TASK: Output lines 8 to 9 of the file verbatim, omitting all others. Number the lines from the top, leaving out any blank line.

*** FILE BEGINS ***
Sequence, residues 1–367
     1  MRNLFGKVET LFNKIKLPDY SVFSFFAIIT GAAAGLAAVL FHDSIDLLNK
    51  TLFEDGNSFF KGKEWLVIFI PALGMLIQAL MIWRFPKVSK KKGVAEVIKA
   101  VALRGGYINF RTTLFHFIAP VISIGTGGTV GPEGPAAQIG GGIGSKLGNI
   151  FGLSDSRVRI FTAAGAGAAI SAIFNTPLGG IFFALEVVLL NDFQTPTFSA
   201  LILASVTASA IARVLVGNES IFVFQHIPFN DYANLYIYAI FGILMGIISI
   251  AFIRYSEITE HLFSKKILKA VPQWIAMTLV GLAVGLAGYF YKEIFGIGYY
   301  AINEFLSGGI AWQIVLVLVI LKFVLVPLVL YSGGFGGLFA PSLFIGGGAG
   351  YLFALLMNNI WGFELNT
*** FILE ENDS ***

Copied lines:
   301  AINEFLSGGI AWQIVLVLVI LKFVLVPLVL YSGGFGGLFA PSLFIGGGAG
   351  YLFALLMNNI WGFELNT